Sarah knew this was going to be a great Dolly even before they were in rehearsals. The fact that they were doing this on Valentine’s Day really added to that and Sarah knew it was going to be fine. There are always some detractors who say, “Oh, you’re going to do this old show? WHY are you doing this old show?” Sarah knew every single person that was going to be in the show. They were all pros.    
Harvey was a wonderful Horace. It was so wonderful to be on stage with him because of his wealth of experience in Music Theater AND Hello, Dolly! 
He goes back to the first productions including the first national tour with Carol Channing. He was just delightful.
Pamela is always just amazingly good. The most fun for everyone was getting to work with these two pros. When you work with someone of that caliber, it steps your game up. Everyone with this company stepped away were fulfilled on a level that they had not been before.
This production honored the script wholeheartedly; nothing was added or left out.
There have not been many concert versions of this show. 
It was very special. They got picked up on Playbill and TheaterMania and because of Harvey and Pamela’s involvement, there were articles nationally. That was very cool for Theater Jacksonville. It was done very traditionally. Because it was a concert version, they were not in costumes (except for the famed Dolly gown). Because of the way the entire show was presented, Sarah doesn’t feel they lost anything by not having one of the most iconic images: Dolly’s iconic entrance down the stairs of the Harmonia Gardens. Dolly/Pamela made her entrance from behind the male chorus and the orchestra.    
Sarah is still very pleased with that production and, looking back, would not have done anything differently. Sarah also played Irene Molloy which is the only “legit” character in the show. Sarah worked to make that integration seem seamless. Eileen Brennan was so rich vocally when she did it originally. Finding her own sound in that part and to integrate into the whole show was very important to Sarah. When she prepared for it, she didn’t desire to come off as an outsider.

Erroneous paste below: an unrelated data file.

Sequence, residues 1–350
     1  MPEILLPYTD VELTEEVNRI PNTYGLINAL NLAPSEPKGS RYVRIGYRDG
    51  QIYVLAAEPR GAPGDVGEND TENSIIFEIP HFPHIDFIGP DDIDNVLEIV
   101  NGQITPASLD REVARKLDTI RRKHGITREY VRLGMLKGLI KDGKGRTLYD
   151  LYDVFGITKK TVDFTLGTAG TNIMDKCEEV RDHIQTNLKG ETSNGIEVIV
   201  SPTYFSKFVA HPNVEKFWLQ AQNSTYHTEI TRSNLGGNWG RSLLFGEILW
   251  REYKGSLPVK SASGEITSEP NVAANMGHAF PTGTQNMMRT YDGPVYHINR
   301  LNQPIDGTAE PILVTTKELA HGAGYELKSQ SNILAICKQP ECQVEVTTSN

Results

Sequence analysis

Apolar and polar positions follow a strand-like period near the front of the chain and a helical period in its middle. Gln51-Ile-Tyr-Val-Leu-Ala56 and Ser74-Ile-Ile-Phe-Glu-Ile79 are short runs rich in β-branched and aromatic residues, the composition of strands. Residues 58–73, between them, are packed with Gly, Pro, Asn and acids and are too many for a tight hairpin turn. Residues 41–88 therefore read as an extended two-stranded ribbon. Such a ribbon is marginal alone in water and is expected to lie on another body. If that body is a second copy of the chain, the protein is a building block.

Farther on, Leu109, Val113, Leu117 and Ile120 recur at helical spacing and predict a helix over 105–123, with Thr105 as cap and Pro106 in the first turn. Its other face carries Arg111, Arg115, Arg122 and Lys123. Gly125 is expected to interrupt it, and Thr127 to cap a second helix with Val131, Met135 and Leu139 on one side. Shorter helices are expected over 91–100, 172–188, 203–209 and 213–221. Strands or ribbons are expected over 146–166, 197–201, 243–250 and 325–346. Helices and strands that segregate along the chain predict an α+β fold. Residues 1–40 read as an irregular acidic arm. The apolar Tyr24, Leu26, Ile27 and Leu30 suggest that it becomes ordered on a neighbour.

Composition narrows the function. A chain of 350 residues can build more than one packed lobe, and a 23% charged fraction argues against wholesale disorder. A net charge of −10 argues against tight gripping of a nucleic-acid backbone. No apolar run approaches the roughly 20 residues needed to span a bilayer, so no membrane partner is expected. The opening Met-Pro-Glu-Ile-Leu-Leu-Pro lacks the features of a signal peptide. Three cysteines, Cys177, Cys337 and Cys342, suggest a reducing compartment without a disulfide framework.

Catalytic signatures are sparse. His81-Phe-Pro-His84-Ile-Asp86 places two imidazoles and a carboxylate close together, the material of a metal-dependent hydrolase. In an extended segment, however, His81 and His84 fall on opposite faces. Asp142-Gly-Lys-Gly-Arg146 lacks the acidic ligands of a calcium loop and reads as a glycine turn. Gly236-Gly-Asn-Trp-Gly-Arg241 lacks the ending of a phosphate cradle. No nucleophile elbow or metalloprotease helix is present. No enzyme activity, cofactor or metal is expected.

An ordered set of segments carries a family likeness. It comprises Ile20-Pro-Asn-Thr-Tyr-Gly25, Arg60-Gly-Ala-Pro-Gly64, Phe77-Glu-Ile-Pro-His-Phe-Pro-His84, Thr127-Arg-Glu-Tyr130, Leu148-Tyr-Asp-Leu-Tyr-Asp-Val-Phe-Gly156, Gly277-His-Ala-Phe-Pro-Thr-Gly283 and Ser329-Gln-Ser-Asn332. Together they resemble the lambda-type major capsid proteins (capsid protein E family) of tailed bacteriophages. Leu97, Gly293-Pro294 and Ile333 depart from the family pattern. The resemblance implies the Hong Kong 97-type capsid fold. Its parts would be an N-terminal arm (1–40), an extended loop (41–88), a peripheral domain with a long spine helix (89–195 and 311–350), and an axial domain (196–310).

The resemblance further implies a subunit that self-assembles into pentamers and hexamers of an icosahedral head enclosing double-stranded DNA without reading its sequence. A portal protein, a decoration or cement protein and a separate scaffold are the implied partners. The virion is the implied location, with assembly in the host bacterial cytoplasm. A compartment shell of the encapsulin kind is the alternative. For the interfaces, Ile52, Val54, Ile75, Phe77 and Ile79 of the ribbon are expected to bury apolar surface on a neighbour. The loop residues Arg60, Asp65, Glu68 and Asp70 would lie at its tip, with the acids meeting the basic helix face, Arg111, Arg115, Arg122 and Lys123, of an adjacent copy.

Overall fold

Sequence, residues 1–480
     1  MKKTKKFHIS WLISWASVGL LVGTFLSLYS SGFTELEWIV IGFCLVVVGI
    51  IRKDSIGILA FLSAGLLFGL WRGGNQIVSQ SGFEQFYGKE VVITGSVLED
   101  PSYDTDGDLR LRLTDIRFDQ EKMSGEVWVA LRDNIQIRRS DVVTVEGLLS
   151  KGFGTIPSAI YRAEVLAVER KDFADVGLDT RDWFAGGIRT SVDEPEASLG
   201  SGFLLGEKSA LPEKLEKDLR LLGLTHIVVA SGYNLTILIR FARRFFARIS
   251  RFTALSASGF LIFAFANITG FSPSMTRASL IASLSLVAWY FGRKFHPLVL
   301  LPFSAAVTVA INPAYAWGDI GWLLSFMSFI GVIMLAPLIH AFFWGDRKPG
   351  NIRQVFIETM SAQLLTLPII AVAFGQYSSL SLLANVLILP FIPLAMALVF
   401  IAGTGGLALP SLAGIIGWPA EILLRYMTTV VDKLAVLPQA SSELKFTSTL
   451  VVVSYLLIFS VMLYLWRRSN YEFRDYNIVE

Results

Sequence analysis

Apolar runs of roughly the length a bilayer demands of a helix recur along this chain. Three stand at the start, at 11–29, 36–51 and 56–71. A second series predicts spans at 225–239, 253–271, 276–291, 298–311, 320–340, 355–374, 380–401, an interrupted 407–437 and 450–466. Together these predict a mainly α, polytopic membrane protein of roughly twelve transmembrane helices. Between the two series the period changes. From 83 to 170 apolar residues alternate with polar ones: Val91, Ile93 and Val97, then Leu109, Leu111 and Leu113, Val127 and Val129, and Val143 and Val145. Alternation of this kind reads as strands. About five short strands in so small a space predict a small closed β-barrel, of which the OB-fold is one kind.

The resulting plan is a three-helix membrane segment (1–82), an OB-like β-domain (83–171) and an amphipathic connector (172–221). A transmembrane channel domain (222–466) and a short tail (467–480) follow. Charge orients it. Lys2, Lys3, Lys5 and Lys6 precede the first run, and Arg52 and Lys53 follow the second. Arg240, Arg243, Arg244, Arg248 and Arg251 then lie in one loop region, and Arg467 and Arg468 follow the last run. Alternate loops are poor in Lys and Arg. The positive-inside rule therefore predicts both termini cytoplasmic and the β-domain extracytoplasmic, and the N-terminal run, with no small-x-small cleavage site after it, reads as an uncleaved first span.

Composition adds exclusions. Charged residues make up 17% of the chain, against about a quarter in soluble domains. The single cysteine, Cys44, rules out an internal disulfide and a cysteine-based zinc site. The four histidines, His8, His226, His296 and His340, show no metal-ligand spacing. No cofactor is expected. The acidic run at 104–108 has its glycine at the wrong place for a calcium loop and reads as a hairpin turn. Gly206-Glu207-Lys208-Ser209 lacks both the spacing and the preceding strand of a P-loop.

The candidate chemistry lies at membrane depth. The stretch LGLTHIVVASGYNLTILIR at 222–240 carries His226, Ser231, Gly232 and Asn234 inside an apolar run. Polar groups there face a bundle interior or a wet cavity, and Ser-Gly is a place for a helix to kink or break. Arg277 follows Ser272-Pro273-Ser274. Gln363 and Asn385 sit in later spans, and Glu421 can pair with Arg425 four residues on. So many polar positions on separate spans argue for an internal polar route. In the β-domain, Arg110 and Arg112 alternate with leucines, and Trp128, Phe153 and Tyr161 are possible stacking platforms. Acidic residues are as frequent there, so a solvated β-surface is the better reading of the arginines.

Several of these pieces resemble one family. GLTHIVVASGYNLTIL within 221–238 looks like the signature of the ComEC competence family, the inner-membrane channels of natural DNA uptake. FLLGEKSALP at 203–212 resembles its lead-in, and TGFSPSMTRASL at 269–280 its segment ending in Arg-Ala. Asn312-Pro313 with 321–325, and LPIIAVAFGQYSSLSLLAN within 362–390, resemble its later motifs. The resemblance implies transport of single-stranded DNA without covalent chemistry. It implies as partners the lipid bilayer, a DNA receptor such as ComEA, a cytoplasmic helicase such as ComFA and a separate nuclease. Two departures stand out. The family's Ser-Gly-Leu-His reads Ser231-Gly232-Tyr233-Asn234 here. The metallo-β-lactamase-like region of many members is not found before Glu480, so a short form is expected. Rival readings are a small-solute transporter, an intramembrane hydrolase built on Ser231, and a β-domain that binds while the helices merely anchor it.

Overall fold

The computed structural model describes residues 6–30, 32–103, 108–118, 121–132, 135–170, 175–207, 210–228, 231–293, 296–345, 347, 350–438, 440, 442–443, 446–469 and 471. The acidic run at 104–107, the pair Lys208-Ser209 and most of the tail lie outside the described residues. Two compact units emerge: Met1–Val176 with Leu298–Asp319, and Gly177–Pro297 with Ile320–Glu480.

The cast also included Michael Lipp, and Juan Unzueta. One thing that she took from this production was the ability to rely on the beauty and simplicity of a well crafted piece of theater. They had to minimize things to make it work. Instead of having a chorus of dancing waiters, they had a stand out guy come out and do an aerial routine. 
This production was done in a very small pace. It was about choosing even the most precise choices without losing the intent of the original creative team. She will not saw it was flaw-free, but it was a lot of fun from an actresses’ and a producers standpoint. They did not have any crisis with the show. There was a lot of planning that went on to make it go smooth. 
Everything was in place by the time they got to production week.
Even without the production values usually associated with Dolly, the title song still stopped the show. How could it not with a bunch of men singing? There is something about her going down the line with those boys. 
It is so endearing and Dolly is a survivor and you have all of these people loving her and welcoming her back. It just fills your heart.          
Because of the size and scope of a full scale production, it is not currently in the future cards for this theater. It also has only been three years, as of this writing, since this production.
Sarah believes the major impact that Dolly has had on audiences for the past fifty years is joy.

   Cast List  
Mrs. Dolly Gallagher Levi.... Pamela Myers
Horace Vandergelder .... Harvey Evans
Irene Molloy .... Sarah Boone
Cornelius Hackl .... Michael Lipp
Barnaby Tucker .... Juan Unzueta
Minnie Fay .... Miranda Lawson
Ermengarde .... Kellie Wyatt
Ambrose Kemper .... Tyler Ross
Ernestina .... Amy Noel Canning
Rudolph Reisenweber .... Jim Goodell
Judge White .... Karl Rogers

chorus ...

MaryBeth Antoinette, Joel DeCandio, Andrew Dickson

Matt Fischer, Renee Freeman, Erin Gawera

Claire Hibbard, Lee Hamby, Soo Young Jeong

Sung Su Kim, Tanner Lane, Lana Nichols, Lee O'Quinn

Rebekah Price, Chris Robertson, Mary Ann Vaccaro
 
   

 Photos courtesy of Sarah Boone and Jeremy Paterno

Thank you Sarah Boone for the gifts you have given to the world and will continue to give!


With grateful XOXOXs ,


Check out my site celebrating my forthcoming book on Hello, Dolly!

I desire this to be a definitive account of Hello, Dolly!  
If any of you reading this have appeared in any production of Dolly, I'm interested in speaking with you!


Do you have any pics?

If you have anything to add or share, please contact me at Richard@RichardSkipper.com.


NO COPYRIGHT INFRINGEMENT INTENDED.  FOR ENTERTAINMENT PURPOSES ONLY!


Please do what YOU can to be more aware that words and actions DO HURT...but they can also heal and help!    
               
My next blog will be... My Exclusive interview with Director and Choreographer Vincent Patterson

Thank you, to all the mentioned in this blog!


  
Here's to an INCREDIBLE tomorrow for ALL...with NO challenges!

I'm celebrating Pamela Luss on Thursday, November 15th, 2012 at 9:30 pm
Pamela with Houston Person at The Metropolitan Room in NYC
Just The Two Of Us and Friends
Hope you can make it. It’s going to be a party!
Reserve today if that date is available! Call me if any questions!
 Richard Skipper 845-365-0720


TILL TOMORROW...HERE'S TO AN ARTS FILLED DAY

Richard Skipper, Richard@RichardSkipper.com                            

 
This Blog is dedicated to ALL THE DOLLYS and ANYONE who has EVER had a connection with ANY of them on ANY Level!
     





No comments:

Post a Comment